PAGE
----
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| 1 minute read

The fight to survive: is the return of the business traveler the missing piece?

Consumers are ready to return to pre-pandemic levels of travel, and that is ushering in a resurgence for a large segment of the hospitality industry. However, uncertainty over the economy, is making a similar resurgence difficult for some hotels, especially those catering to the business traveler.

The decline in business travel has greatly impacted business-centric hotel properties, especially those with sizeable meeting rooms and conference centers. Across the country, business hotel property values have dipped, making refinancing a greater challenge. Hotel loans routinely have shorter terms. The necessity for more frequent refinancing makes these loans more susceptible to the ups and downs of a volatile market.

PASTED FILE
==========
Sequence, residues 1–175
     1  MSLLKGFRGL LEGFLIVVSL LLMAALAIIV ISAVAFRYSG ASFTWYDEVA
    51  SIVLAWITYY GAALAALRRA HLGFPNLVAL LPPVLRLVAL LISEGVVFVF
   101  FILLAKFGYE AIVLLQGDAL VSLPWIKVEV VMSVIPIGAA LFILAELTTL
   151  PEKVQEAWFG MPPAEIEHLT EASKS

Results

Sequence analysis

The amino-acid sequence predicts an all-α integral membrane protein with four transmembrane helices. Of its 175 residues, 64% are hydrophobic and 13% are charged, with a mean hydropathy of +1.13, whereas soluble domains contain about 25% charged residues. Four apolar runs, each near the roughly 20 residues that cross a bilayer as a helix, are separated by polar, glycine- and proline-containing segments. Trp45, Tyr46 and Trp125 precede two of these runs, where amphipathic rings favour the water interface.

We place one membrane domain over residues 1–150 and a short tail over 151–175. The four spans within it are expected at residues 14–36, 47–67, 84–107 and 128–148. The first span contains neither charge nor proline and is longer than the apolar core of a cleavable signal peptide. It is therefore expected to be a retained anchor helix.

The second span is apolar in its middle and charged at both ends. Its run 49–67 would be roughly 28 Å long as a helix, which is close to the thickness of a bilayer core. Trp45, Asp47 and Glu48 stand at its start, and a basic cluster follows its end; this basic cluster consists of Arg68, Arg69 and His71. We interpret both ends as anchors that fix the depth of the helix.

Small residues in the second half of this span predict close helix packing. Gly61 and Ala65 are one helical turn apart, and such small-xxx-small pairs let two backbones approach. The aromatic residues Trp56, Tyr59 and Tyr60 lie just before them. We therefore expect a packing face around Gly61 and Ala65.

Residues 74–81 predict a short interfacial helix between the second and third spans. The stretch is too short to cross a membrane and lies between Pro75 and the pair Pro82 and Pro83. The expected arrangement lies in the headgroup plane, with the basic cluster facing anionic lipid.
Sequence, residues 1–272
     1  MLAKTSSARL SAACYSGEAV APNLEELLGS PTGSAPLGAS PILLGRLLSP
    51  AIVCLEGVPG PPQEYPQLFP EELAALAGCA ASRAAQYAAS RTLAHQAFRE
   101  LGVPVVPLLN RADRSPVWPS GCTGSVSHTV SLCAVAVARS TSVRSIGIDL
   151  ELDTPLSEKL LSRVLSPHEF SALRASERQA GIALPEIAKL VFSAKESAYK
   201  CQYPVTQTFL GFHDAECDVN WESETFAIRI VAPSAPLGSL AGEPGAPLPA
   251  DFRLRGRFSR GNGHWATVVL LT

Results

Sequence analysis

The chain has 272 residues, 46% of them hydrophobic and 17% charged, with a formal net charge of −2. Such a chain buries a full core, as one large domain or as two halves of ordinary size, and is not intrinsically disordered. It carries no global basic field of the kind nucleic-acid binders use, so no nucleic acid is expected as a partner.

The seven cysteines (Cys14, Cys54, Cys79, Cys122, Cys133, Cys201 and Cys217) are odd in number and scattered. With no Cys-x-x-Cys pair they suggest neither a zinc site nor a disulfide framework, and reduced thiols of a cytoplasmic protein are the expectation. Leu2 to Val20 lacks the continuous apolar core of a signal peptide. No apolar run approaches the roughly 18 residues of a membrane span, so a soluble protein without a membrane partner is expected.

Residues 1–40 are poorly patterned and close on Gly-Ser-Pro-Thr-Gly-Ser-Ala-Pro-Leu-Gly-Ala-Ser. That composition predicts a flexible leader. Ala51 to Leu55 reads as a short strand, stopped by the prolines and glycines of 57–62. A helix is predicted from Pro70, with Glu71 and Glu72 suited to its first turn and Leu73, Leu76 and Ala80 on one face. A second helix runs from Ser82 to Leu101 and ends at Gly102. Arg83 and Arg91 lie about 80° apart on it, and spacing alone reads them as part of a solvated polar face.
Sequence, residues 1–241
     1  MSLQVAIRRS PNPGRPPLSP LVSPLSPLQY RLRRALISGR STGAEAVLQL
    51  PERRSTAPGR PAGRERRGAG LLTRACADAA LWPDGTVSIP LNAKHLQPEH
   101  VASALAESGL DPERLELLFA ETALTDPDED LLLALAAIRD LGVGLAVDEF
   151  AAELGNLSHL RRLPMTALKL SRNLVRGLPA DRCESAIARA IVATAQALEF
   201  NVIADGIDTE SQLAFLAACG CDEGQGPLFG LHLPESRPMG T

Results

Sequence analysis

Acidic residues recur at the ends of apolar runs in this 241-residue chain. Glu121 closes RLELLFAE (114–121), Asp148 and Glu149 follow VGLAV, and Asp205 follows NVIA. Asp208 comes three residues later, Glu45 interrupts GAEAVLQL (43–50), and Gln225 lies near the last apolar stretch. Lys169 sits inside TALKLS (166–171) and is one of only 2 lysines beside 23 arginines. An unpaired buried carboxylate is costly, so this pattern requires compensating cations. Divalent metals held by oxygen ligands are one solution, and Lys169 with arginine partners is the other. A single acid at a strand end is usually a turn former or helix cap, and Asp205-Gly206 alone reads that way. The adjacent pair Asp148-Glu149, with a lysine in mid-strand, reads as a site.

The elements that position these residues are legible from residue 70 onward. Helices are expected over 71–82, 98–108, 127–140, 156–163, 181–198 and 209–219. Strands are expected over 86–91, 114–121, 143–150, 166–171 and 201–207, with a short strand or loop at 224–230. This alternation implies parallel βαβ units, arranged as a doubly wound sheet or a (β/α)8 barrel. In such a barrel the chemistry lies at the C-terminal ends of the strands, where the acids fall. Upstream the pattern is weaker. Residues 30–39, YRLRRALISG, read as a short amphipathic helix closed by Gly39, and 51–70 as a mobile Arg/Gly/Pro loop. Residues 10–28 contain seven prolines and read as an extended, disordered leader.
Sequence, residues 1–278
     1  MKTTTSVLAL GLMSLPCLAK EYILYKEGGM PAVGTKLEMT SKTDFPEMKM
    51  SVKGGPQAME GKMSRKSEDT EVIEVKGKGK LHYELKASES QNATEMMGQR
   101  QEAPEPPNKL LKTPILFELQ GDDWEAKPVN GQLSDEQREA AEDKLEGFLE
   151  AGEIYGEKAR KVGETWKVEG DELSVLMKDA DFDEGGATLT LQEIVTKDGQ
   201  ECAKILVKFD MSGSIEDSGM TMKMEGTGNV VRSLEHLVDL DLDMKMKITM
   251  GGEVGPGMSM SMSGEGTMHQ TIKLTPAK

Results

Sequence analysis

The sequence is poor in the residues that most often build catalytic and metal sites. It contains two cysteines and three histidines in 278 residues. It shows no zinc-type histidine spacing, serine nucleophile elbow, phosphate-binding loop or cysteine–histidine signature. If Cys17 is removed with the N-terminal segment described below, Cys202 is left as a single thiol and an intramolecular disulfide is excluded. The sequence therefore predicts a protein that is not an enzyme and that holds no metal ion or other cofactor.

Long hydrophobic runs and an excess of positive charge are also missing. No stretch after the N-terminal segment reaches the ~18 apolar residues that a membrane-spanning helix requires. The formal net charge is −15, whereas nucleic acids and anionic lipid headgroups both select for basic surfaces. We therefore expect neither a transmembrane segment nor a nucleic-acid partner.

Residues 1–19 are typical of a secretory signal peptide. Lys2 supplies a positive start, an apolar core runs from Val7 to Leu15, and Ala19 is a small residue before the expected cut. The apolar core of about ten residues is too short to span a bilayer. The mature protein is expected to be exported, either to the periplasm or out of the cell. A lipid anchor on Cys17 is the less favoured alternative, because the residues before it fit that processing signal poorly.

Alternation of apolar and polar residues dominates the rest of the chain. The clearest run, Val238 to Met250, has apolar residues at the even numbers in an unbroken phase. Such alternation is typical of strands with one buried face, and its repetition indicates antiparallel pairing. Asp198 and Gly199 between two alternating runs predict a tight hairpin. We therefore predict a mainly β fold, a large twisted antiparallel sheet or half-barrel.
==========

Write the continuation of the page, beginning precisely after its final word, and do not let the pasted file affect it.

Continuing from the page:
At present, lenders are apprehensive and have grown more weary of making new loans and/or refinancing existing loans on certain hotel properties and portfolios. To combat some of the current market conditions and lender apprehension, it will be necessary for operators, especially business hotel operators, to find creative ways to make use of and generate business from larger meeting spaces and conference centers which experienced higher demand pre-pandemic.

Moving forward, it will be important to monitor how the lending industry underwrites loans on hotel properties and whether lenders are willing to negotiate borrower friendly terms needed to keep some hotels afloat. Additionally, it will be interesting to see if both leisure and business travel will rebound and reach some semblance of pre-pandemic levels, giving the entire hospitality industry a much needed economic boost.

This post was co-authored by Princeton finance associate Brook Weese.

Some hotel owners that rode out the coronavirus pandemic are finding the recent travel rebound might not be enough to persuade lenders to extend new credit when their debts mature in the coming months or years.


banking, hospitality, transportation, finance